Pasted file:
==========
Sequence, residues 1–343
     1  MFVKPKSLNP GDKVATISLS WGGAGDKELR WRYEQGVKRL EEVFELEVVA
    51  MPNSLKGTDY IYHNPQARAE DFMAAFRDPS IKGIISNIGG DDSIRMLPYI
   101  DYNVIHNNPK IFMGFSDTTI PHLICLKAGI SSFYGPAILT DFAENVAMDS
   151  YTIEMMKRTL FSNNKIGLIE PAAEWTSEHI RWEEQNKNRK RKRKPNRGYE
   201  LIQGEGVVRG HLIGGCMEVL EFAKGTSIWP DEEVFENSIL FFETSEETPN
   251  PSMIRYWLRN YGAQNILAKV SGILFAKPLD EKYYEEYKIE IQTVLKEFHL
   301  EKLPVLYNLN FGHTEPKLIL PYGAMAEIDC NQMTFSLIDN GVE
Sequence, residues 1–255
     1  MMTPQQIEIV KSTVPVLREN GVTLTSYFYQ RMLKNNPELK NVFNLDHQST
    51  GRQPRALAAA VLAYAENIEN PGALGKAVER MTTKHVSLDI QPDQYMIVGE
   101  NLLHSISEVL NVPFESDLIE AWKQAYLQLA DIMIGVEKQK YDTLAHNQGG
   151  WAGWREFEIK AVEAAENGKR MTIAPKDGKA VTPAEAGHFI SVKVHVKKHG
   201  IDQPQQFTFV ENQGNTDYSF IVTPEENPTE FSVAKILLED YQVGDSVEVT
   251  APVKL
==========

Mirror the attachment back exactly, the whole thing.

Sequence, residues 1–343
     1  MFVKPKSLNP GDKVATISLS WGGAGDKELR WRYEQGVKRL EEVFELEVVA
    51  MPNSLKGTDY IYHNPQARAE DFMAAFRDPS IKGIISNIGG DDSIRMLPYI
   101  DYNVIHNNPK IFMGFSDTTI PHLICLKAGI SSFYGPAILT DFAENVAMDS
   151  YTIEMMKRTL FSNNKIGLIE PAAEWTSEHI RWEEQNKNRK RKRKPNRGYE
   201  LIQGEGVVRG HLIGGCMEVL EFAKGTSIWP DEEVFENSIL FFETSEETPN
   251  PSMIRYWLRN YGAQNILAKV SGILFAKPLD EKYYEEYKIE IQTVLKEFHL
   301  EKLPVLYNLN FGHTEPKLIL PYGAMAEIDC NQMTFSLIDN GVE
Sequence, residues 1–255
     1  MMTPQQIEIV KSTVPVLREN GVTLTSYFYQ RMLKNNPELK NVFNLDHQST
    51  GRQPRALAAA VLAYAENIEN PGALGKAVER MTTKHVSLDI QPDQYMIVGE
   101  NLLHSISEVL NVPFESDLIE AWKQAYLQLA DIMIGVEKQK YDTLAHNQGG
   151  WAGWREFEIK AVEAAENGKR MTIAPKDGKA VTPAEAGHFI SVKVHVKKHG
   201  IDQPQQFTFV ENQGNTDYSF IVTPEENPTE FSVAKILLED YQVGDSVEVT
   251  APVKL